7. 7. EU Energy Policy: Energy Companies’ Perspectives Problems To Be Addressed Possible Solutions Integration of new energy sources and distributed Geographic expansion of the grid generation Trade and energy losses Grid optimisation More Obsolete infrastructure and management systems More More control accurate visibility metering Distributed generation Losses reduction Rising energy demand Changing customer needs Qualitative Energy System Transformation Two-way communication Two-way energy flow Source: Frost & Sullivan analysis.9845-63 7
  8. 8. EU Energy Policy: Energy Companies’ Investment Needs • Outage management • Grid monitoring and control systems • Work force management (especially in the distribution layer) • Fault prevention and Predictive grid • Automatic grid management (Self- maintenance adapting grid) • Fault location and automatic feeder • Virtual Power Plants switching More reliable • Power quality monitoring energy supplies Integration of More renewable and operational decentralized efficiency generation Demand • Asset management for grid management • In-home smart metering systems components • Billing systems for dynamic tariffs • Data analytics for more efficient • Metering data management asset maintenance and investment • Big data transmission and storage planning • Proactive load forecasting • Smart grid cyber security • E-vehicle communication system • Energy theft prevention • In-home power consumption management systems Interconnection and communication between grid elements as basic precondition for grid transformation Operation technologies and ICT synergy as the base of the future business model9845-63 8
  9. 9. Poll QuestionWhat is the main regulatory obstacle to developing smart grid?1. Lack of minimum functional standards2. Technological risk3. Utilities’ business model4. Lack of governmental smart grid strategies 9
  10. 10. Main regulatory challenges Technology Customer acceptance Business model • No binding standards • Lack of knowledge about • Income derived from published yet smart metering benefits regulated tariffs • M/490, M/441, M/468 • Financial Cost Of the • Cost-benefit balance mandates Deployment • Poor state support • Privacy concerns (behavior • Smart meters: • No incentives for innovative patterns) Standards developed at energy technologies • No separate legally binding national level document on metering data development • Grid automation protection issued thus far • Narrow view of cost-efficiency Predominant standard for grid • Poor knowledge about the (smart grid added value not automation used by energy composition of energy prices included) utilities (IEC 61850) and tariffs • Tariff construction Important especially for smart metering and demand management Crucial for all smart energy • Switching from one energy provider to another investment • Answering to price signals Source: Frost & Sullivan analysis.9845-63 10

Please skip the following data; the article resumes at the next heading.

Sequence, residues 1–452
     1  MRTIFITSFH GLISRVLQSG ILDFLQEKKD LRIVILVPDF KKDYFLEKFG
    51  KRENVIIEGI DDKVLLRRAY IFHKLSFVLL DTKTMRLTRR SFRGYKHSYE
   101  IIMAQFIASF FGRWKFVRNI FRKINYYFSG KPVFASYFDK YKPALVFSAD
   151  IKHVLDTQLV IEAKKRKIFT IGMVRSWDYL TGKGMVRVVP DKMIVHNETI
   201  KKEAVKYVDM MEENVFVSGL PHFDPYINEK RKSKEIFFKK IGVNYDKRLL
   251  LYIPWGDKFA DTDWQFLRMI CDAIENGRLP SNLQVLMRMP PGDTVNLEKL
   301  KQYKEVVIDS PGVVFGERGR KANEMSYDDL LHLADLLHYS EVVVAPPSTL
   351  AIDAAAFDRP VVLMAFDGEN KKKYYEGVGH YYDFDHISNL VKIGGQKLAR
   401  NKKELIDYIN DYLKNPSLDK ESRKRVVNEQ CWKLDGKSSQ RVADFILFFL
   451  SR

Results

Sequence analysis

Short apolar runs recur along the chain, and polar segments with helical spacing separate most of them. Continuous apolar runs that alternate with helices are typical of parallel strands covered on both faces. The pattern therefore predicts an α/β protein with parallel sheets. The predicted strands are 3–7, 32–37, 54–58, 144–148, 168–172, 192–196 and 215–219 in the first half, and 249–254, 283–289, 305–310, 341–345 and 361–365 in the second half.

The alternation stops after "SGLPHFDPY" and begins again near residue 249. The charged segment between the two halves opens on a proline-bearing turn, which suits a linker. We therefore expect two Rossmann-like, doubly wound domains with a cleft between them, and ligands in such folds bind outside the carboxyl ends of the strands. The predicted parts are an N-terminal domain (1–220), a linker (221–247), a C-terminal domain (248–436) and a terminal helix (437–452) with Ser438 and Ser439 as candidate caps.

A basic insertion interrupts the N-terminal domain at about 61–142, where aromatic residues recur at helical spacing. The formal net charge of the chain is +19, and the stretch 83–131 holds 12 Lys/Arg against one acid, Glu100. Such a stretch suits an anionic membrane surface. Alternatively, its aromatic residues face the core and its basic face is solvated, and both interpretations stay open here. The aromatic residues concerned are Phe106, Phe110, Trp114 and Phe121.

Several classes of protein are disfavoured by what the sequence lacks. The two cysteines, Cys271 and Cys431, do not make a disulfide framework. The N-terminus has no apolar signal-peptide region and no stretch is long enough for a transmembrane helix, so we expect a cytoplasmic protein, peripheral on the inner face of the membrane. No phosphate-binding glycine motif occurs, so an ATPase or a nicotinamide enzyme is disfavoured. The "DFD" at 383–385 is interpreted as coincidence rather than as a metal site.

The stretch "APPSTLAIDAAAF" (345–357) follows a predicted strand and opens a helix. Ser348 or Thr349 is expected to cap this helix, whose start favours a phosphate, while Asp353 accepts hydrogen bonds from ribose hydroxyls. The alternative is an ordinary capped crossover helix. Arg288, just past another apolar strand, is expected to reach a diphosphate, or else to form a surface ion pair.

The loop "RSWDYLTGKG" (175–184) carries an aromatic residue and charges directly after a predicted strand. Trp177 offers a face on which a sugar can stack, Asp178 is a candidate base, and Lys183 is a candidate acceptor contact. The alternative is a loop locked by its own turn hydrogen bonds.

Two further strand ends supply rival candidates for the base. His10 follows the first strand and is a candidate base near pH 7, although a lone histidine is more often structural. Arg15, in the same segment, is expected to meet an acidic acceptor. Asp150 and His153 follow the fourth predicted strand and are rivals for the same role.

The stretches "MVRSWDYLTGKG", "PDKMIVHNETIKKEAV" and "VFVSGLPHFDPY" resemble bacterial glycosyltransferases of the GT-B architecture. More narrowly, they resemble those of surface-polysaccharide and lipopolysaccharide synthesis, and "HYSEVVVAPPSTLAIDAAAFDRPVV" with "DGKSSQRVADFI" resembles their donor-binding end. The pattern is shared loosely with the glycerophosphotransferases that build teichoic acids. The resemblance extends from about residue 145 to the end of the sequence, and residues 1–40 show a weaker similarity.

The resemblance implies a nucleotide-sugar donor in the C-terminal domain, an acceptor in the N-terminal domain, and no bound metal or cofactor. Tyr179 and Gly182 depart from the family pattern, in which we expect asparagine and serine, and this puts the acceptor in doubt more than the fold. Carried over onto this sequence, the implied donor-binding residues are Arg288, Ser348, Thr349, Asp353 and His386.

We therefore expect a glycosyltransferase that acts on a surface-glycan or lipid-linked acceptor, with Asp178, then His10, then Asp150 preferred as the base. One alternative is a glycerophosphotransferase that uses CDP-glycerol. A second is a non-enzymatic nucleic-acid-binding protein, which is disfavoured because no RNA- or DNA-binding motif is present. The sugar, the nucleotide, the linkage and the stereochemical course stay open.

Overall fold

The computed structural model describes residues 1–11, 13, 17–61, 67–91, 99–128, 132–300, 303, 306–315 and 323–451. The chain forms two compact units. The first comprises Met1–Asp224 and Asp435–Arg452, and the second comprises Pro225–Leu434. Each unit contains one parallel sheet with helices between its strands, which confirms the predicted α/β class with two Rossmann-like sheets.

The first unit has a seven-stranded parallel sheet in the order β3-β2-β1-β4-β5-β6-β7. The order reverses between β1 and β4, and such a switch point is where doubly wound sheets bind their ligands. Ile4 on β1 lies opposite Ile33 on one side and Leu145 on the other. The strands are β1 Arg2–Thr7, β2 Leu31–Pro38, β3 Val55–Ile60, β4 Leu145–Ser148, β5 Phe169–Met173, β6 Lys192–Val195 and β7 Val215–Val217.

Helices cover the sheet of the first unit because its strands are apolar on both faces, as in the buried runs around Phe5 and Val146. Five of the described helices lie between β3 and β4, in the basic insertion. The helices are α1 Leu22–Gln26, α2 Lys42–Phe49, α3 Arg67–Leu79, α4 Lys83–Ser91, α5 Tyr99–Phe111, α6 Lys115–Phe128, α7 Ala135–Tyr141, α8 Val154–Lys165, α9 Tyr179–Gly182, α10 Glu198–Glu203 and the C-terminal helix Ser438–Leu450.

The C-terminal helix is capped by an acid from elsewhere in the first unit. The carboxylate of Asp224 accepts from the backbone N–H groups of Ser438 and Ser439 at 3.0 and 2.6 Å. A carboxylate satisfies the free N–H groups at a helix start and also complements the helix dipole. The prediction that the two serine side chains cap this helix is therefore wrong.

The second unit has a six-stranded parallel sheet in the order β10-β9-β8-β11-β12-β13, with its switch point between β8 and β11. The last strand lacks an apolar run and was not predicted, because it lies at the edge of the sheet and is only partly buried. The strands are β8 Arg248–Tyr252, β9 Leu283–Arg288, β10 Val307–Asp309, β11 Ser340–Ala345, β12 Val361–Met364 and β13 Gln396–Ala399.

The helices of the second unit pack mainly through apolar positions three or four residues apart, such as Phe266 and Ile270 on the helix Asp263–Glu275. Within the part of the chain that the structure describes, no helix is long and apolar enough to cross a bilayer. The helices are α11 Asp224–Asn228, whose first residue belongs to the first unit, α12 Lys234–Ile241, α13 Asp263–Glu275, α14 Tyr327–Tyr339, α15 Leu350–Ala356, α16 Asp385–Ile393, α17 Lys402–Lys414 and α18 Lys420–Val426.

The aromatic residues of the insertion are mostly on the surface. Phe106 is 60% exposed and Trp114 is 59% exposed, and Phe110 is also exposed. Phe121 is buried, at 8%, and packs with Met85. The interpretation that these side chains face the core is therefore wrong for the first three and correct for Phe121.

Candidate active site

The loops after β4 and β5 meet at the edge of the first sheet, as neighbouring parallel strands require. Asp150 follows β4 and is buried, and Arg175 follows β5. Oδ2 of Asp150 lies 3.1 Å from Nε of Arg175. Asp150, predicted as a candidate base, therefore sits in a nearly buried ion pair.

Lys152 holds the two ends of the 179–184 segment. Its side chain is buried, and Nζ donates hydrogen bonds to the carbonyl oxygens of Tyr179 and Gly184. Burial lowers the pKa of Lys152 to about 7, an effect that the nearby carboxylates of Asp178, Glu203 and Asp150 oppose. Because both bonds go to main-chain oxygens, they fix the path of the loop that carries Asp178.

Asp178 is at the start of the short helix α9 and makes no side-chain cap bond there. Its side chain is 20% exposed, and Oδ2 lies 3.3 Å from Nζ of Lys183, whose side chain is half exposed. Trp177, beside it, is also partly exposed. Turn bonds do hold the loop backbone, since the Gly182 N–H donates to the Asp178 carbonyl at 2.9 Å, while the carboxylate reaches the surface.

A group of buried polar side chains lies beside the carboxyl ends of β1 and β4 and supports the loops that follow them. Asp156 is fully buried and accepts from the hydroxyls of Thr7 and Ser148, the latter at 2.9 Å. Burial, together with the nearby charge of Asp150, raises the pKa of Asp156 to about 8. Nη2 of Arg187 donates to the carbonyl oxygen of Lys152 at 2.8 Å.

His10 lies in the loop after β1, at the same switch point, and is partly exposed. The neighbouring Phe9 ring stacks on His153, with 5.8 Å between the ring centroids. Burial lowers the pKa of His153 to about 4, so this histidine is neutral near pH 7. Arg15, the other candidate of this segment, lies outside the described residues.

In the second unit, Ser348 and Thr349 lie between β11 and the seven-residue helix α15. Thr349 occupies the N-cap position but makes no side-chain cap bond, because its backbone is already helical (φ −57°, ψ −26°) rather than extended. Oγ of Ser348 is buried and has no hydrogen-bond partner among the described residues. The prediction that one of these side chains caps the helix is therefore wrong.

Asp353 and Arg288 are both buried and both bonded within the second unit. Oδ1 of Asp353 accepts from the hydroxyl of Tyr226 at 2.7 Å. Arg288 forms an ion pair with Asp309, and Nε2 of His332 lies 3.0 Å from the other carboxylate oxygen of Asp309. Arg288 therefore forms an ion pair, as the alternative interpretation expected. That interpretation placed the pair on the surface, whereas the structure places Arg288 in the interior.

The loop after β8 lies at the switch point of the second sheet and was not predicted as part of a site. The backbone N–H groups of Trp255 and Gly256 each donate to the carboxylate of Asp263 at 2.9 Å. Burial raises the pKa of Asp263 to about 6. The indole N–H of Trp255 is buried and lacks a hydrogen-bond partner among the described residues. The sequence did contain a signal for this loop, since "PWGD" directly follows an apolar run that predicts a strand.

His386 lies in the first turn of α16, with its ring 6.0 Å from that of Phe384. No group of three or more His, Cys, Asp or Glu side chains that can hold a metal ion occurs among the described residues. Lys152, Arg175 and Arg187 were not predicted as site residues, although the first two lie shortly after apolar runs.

11. 11. Utilities’ Investment Scope: Country Overview United Kingdom Sweden • Renewable goal (2020): 15% • Renewable goal (2020): 49% • Energy demand increase: 7% • Energy demand increase: 14% Smart grid focus Smart grid focus Smart metering* Smart metering DSO grid automation DSO grid automation E-vehicles E-vehicles Smart homes Smart homes Germany Poland • Renewable goal (2020): 18% • Renewable goal (2020): 15% • Energy demand increase: (-10%) • Energy demand increase: 12% Smart grid focus Smart grid focus Smart metering Smart metering DSO grid automation DSO grid automation E-vehicles E-vehicles Smart homes Smart homes *Electricity and gas smart meters9845-63 11
  12. 12. Summary of Regulatory Challenges The legal framework for smart grid and smart metering remains incomplete and does not ensure a smooth transition towards a smart energy infrastructure. The most important regulatory challenges are shown below. Regulatory Changes Required for Smart Grid Deployment Minimum Standards for smart functionalities Dedicated data Cyber-security equipment (including for smart privacy and data communication equipment protection protocol) framework Definition of Inclusion of Additional market Fair cost-sharing energy incentives for participants’ model and tariff efficiency in investors roles and regulation energy tariffs responsibilities Source: Frost & Sullivan analysis.9845-63 12
  13. 13. Energy system transformation: Key Take-Aways 1 EU regulations as an important driver for smart grid, especially grid balancing and smart metering. 2 Regulatory framework for smart grid deployment undefined Smart grid usually deployed according to either national (smart meters) or international standards (grid 3 automation) 4 Business model and uneven distribution of costs and benefits as the main restraint 5 Governments do not provide strong support for innovative energy projects 4 Energy utilities need to closely collaborate with ICT suppliers Energy System Operators ICT Companies WHAT ARE THE GOALS? HOW CAN THE GOALS BE ACHIEVED? Energy System Operators to define starting ICT suppliers to provide dedicated solutions and point for the smart grid development process offer constant support 13
  14. 14. Next StepsDevelop Your Visionary and Innovative Skills Growth Partnership Service Share your growth thought leadership and ideas or join our GIL Global Community Join our GIL Community Newsletter Keep abreast of innovative growth opportunities 14
  15. 15. Your Feedback is Important to Us What would you like to see from Frost & Sullivan?Growth Forecasts?Competitive Structure?Emerging Trends?Strategic Recommendations?Other? Please inform us by “Rating” this presentation. 15
  16. 16. Follow Frost & Sullivan on Facebook, LinkedIn,SlideShare, and Twitter http://www.facebook.com/FrostandSullivan http://www.linkedin.com/companies/4506 http://www.slideshare.net/FrostandSullivan http://twitter.com/frost_sullivan 16
  17. 17. For Additional InformationJoanna Lewandowska Ewa TajerCorporate Communications Research AnalystICT ICT+48 22 390 41 46 +48 22 481 62 72joanna.lewandowska@frost.com ewa.tajer@frost.comAdrian Drozd Cyril CromierResearch Director Vice President, SalesICT ICT+44 1865 398 699 +33 1 4281 2244adrian.drozd@frost.com cyril.cromier@frost.com 17